Should This Agreement be Enforced?
Should a written agreement promising support between two unmarried lovers be enforced when entered into without legal representation?
Our New Jersey Supreme Court will be deciding if a written agreement between two unmarried lovers to support one another should be enforced even when there was no legal representation when the agreement was signed?
While the applicable New Jersey statute clearly provides that “…no such written promise is binding unless it is made with the independent advice of counsel for both parties”, the New Jersey Supreme Court has recently granted certification to consider whether this requirement, under certain circumstances, should be excused; whether the written agreement between Kathleen M. Moynihan and Edward J. Lynch should be enforced even though neither of them had an attorney.
The Appellate Division decision to be reviewed by our Supreme Court reversed the trial court finding that the written agreement “lacked an essential of a palimony agreement” and, as such, could be enforced without legal representation. After finding that the written agreement included a “promised by one party to a non-marital personal relationship to provide support or other consideration for the other party”, the Appellate Division refused to enforce the “palimony agreement” between Ms. Moynihan and Mr. Lynch because neither was represented by counsel when they entered into their agreement. The Appellate Division accordingly strictly enforced the statutory language and, in so doing, refused to enforce the written agreement without legal representation.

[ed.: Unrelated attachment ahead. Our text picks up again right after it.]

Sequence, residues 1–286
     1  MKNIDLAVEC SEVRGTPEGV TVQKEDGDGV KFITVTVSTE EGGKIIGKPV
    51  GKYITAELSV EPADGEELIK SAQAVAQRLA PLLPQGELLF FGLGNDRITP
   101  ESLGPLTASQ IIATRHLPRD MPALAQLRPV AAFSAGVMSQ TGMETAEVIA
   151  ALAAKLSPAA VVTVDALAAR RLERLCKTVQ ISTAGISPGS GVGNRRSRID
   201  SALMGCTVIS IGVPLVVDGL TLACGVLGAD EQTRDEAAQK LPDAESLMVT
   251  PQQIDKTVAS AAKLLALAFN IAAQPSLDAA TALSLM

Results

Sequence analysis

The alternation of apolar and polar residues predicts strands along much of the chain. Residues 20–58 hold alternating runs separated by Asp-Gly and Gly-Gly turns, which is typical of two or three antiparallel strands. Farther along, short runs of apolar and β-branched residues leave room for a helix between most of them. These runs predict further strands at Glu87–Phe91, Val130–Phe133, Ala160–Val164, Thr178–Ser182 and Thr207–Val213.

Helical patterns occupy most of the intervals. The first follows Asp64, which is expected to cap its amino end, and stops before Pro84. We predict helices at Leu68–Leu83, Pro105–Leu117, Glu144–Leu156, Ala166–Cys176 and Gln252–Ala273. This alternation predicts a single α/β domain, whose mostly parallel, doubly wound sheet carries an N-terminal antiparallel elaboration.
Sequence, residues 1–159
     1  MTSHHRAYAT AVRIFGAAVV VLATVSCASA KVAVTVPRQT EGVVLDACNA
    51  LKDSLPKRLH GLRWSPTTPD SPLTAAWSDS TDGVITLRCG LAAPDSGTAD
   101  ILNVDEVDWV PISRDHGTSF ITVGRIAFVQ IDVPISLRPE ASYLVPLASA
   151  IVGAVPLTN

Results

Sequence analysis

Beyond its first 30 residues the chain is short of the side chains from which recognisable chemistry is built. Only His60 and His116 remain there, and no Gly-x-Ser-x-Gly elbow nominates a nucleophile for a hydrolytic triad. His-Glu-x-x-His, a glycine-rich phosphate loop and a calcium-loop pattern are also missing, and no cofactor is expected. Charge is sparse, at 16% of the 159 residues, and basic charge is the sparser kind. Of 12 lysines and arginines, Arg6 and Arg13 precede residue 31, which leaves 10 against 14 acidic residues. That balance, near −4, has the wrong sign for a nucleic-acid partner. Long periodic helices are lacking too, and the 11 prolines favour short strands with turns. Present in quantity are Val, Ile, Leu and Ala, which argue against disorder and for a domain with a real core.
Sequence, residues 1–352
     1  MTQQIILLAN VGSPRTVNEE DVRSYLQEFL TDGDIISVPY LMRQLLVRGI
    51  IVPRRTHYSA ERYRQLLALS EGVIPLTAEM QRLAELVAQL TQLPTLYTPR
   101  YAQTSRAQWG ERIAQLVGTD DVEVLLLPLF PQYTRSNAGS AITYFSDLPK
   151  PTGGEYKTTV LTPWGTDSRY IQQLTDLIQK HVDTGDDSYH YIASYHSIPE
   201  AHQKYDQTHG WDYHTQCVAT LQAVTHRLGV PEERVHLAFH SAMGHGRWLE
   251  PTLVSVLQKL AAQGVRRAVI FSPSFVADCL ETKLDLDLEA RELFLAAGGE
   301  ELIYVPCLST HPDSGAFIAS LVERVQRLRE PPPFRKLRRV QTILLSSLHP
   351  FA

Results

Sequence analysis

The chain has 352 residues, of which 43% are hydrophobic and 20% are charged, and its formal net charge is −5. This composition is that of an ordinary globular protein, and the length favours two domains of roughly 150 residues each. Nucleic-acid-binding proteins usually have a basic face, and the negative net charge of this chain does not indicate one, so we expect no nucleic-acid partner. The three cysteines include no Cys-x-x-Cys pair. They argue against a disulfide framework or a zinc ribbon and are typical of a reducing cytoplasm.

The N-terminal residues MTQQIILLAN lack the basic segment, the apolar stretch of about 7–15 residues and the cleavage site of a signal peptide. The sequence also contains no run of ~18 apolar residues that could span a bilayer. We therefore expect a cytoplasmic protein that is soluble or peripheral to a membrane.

Appeal to the New Jersey Supreme Court
Ms. Moynihan’s appeal to our Supreme Court is founded upon the three arguments:
- the statutory requirement that palimony agreements be reviewed by independent legal counsel to be enforceable is unconstitutional;
- promissory estoppel and partial performance should be recognized as valid defenses that can remove the “legal representation requirement” when necessary to avoid a manifest injustice; and
- the existence of an oral agreement that pre-dated the statutory requirement of a writing and legal representation should render the subsequent written agreement enforceable .
Our Supreme Court will accordingly now be able to clarify the law of palimony agreements as more and more couples choose, for whatever reason, not to legally marry their “significant others” and/or the “other parent” of their child(ren).
The time has accordingly come for additional guidance from our Supreme Court to address the “real life impact” that “palimony agreements” have had and/or will continue to have on couples and parents who, for whatever reason, choose not to marry one another.